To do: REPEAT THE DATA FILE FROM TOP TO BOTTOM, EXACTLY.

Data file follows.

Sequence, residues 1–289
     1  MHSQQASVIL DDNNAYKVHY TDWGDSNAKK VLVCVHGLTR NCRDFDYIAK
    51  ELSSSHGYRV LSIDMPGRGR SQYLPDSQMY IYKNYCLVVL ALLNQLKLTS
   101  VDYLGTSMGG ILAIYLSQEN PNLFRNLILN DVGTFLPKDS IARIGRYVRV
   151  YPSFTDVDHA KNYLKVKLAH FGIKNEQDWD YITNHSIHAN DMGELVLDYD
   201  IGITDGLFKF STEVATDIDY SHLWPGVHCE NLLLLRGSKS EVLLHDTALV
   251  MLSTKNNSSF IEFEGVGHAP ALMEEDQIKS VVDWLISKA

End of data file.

Sequence, residues 1–289
     1  MHSQQASVIL DDNNAYKVHY TDWGDSNAKK VLVCVHGLTR NCRDFDYIAK
    51  ELSSSHGYRV LSIDMPGRGR SQYLPDSQMY IYKNYCLVVL ALLNQLKLTS
   101  VDYLGTSMGG ILAIYLSQEN PNLFRNLILN DVGTFLPKDS IARIGRYVRV
   151  YPSFTDVDHA KNYLKVKLAH FGIKNEQDWD YITNHSIHAN DMGELVLDYD
   201  IGITDGLFKF STEVATDIDY SHLWPGVHCE NLLLLRGSKS EVLLHDTALV
   251  MLSTKNNSSF IEFEGVGHAP ALMEEDQIKS VVDWLISKA